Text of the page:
Chocolate hummus is shockingly good (recipe + nutrition facts)

Chocolate hummus
© Melissa Breyer

There's some kind of kitchen wizardry that happens when chick peas meet cocoa powder; here's how to find out in five minutes flat.

I felt conflicted, it's true. I bemoan social media trends in which stalwart recipes get makeovers that make the once said reliable dish unrecognizable in the name of fads. (Exhibit A: Internet proves the perils of messing with mac & cheese.) Initially, I cringed to see "brownie batter hummus" and its band of chocolatey chickpea cousins popping up on food blogs. But then I thought, oh wait, I've already been there, kind of. I make black bean brownies and white bean blondies – I'm guilty of my own annoyances.

So then I found myself staring at a bowl of leftover chickpeas, and before I knew it, I was mushing them up with cocoa powder and maple syrup. (I had browsed recipes; this one from Don't Waste the Crumbs resonated.) I was not expecting to like it; no way could the alchemy of the aforementioned black bean brownies translate to something so simple. I was wrong. This stuff is a miracle. The chickpeas add body and texture and do not compete in flavor with the other ingredients, which add depth and happiness. I literally uttered all kinds of happy surprise sounds to myself.

How to make it

  • 1 3/4 cups cooked chickpeas (or one 15 ounce can, drained and rinsed well)
  • 4 tablespoons unsweetened cocoa powder (I swear by Equal Exchange Organic Baking Cocoa)
  • 4 tablespoons maple syrup
  • 1/2 teaspoon pure vanilla extract
  • 1/2 teaspoon almond extract
  • 3 tablespoons water

Put it all in a food processor; mix until smooth. You could also try a blender or even mashing by hand, though it may be a tad chunkier. (I used my NutriBullet, which requires a little more liquid for a super smooth texture; you can see in the photo above that it is a little rough, but no less delicious.) If you have used sodium-free chickpeas, adding a pinch of salt will help balance the flavors. And adjust water until you get the texture you like.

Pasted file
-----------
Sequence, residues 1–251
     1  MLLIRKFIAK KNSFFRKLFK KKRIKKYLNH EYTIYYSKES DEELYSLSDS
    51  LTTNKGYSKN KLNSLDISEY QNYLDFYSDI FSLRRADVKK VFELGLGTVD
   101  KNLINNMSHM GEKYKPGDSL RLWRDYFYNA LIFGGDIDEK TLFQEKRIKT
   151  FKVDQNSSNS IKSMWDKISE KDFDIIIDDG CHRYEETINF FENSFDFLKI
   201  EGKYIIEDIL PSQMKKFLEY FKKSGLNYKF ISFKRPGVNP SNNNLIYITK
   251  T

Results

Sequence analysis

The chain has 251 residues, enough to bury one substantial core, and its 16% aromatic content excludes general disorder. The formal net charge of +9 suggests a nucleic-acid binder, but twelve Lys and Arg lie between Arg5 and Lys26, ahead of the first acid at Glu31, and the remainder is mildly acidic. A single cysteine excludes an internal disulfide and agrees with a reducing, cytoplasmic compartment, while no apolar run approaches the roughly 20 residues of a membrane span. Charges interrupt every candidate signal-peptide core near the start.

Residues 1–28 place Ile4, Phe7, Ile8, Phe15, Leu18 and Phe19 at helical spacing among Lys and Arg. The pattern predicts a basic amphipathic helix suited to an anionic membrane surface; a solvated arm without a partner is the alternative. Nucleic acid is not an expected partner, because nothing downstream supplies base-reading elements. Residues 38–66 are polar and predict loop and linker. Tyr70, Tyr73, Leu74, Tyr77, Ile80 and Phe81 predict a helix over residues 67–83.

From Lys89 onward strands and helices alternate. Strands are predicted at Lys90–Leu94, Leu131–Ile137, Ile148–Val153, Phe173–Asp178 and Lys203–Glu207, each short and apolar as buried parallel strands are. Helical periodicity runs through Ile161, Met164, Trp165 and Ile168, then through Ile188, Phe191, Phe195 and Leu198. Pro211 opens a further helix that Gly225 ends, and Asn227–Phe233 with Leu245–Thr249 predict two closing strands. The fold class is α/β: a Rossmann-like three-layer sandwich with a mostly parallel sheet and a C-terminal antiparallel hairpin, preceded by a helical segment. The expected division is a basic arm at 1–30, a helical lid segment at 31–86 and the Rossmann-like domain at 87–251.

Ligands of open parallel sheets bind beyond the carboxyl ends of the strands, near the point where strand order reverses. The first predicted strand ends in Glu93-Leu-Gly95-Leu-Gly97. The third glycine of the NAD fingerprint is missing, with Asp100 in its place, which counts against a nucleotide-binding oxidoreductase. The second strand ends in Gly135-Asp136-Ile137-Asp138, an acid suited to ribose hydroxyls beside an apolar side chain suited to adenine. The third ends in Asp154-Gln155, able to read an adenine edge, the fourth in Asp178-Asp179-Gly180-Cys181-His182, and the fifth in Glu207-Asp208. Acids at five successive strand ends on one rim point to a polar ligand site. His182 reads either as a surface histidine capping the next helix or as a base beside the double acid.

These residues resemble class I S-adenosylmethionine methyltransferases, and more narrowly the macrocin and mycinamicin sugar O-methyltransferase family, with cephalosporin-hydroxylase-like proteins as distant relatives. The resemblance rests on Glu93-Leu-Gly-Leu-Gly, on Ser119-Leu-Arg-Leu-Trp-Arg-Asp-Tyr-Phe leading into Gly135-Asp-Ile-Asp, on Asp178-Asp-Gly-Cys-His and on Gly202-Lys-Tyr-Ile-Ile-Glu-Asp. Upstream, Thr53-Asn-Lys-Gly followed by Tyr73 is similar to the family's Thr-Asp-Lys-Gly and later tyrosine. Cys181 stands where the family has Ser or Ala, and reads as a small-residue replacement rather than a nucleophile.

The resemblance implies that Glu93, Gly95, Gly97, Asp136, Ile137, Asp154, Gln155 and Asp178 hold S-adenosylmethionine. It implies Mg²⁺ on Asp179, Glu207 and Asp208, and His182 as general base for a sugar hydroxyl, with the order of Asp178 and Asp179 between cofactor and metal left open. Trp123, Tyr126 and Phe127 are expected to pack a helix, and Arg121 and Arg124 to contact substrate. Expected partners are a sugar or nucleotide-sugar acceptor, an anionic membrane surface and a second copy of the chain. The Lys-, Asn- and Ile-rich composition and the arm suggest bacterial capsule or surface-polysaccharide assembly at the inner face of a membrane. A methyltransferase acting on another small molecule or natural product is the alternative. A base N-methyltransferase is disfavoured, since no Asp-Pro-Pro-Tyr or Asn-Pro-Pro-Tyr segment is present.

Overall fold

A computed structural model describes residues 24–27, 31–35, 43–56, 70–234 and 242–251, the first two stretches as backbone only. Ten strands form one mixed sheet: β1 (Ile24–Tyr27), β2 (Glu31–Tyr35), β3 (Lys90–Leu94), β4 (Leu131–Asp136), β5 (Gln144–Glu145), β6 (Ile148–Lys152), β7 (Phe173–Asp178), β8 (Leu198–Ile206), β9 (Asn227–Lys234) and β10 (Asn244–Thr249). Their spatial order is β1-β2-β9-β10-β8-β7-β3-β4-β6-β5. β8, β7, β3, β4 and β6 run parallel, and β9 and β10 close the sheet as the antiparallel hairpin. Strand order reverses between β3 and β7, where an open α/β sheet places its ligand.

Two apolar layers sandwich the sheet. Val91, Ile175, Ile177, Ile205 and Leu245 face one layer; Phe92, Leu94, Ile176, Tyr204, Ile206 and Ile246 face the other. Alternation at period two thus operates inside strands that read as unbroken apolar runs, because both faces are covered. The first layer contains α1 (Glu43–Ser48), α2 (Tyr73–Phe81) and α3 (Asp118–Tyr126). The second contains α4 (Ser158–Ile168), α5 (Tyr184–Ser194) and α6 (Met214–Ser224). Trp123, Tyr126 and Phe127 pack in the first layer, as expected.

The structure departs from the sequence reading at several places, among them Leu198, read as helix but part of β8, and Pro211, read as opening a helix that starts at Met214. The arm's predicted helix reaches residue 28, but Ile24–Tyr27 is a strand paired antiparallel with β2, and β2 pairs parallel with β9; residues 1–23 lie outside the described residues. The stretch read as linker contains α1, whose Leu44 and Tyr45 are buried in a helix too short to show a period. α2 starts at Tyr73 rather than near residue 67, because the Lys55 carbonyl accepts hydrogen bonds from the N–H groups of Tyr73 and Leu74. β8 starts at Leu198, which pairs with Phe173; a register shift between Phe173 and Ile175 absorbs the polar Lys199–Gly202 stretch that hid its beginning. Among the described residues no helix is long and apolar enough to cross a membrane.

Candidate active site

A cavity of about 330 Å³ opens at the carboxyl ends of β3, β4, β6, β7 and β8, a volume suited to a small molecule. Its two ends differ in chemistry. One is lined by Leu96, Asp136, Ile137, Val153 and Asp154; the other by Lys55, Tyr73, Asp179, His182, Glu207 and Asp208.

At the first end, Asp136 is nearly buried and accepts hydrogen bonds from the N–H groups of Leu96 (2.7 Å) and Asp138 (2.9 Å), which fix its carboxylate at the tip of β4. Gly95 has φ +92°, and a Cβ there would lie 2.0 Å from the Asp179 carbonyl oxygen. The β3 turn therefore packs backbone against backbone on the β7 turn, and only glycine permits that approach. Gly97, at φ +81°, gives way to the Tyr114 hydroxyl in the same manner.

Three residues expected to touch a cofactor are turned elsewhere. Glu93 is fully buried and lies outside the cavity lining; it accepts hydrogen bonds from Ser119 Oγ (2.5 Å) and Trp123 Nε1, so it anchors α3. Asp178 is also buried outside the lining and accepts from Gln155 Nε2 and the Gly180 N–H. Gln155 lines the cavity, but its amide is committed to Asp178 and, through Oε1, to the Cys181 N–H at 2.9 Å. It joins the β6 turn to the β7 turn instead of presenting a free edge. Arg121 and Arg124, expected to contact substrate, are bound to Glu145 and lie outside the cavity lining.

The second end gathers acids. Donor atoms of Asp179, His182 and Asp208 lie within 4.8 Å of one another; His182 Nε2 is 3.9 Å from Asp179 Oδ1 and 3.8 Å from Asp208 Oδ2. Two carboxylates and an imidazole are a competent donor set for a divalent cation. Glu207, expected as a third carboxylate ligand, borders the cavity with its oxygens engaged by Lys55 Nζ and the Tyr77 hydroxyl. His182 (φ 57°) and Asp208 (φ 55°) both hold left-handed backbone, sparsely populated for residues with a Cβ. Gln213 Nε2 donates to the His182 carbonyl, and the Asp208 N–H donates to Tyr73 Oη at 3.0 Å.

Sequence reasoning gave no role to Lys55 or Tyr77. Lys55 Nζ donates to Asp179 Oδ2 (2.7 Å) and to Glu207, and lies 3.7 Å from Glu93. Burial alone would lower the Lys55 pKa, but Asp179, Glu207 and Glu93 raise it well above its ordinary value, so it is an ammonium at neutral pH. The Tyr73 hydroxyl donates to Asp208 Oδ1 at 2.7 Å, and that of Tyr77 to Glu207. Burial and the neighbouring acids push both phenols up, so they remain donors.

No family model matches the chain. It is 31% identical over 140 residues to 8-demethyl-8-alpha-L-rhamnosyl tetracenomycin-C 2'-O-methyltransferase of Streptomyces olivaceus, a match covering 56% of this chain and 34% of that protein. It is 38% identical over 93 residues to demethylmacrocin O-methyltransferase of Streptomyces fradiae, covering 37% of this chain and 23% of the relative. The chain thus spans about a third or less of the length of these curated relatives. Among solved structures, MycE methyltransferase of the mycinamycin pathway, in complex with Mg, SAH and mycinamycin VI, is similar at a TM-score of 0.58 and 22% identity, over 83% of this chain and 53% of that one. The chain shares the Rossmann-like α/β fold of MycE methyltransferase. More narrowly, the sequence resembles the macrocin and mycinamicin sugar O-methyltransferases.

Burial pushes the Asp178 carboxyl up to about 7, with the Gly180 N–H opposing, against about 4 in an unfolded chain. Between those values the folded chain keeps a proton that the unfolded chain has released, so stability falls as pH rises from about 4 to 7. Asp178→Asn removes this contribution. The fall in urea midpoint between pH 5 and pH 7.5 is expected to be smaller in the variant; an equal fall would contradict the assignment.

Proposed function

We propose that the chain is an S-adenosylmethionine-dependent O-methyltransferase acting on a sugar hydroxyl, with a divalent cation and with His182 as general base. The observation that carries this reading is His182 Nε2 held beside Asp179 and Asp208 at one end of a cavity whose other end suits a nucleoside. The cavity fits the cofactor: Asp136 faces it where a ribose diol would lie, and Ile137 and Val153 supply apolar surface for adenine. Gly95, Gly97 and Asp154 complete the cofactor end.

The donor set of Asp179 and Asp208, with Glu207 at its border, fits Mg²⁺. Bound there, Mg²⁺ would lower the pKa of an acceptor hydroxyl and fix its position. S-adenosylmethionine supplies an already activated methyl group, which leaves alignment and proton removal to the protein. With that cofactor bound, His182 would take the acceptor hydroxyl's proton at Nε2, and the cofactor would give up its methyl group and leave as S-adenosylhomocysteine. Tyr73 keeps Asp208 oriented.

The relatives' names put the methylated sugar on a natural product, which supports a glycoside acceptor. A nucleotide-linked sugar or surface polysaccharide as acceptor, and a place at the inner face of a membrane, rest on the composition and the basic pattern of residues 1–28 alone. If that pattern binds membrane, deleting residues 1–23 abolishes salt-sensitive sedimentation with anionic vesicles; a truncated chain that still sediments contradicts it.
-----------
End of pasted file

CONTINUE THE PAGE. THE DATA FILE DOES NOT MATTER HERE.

Serve with fruit, biscotti, in a tortilla, with chips or pretzels for the salty-sweet adventure, with rice pudding, oatmeal, in a smoothie, et cetera ... or just eat it directly with a spoon. (Which is maybe what I did.)


Though maple syrup is delicious, you could try different sweeteners; I'll try dates at some point. Add hazelnuts for a more Nutella-ish experience. Sneak in avocado (which also plays nicely with chocolate) to make it creamier. Swirl in some chunky peanut butter to boost texture and salty goodness. Cinnamon and cayenne would be delicious. Chopped dried cherries might suit the Black Forest Cake lover. Add espresso powder for even more depth. Use your imagination.


In the end, the recipe above yielded about 2 1/2 cups, which equals 40 tablespoons, which I thought was a good way to present the nutrition information. (Sodium may be higher if you use canned chickpeas.)

One tablespoon: Calories 19; Carbs 4; Fat 0; Protein 1; Sodium 1; Sugar 2. Or, the complete picture:
Chocolate hummus© Melissa Breyer
For more sweet recipes with beans and other surprising things, see: 10 luscious desserts with hidden vegetables.
Chocolate hummus is shockingly good (recipe + nutrition facts)
There's some kind of kitchen wizardry that happens when chick peas meet cocoa powder; here's how to find out in five minutes flat.

Related Content on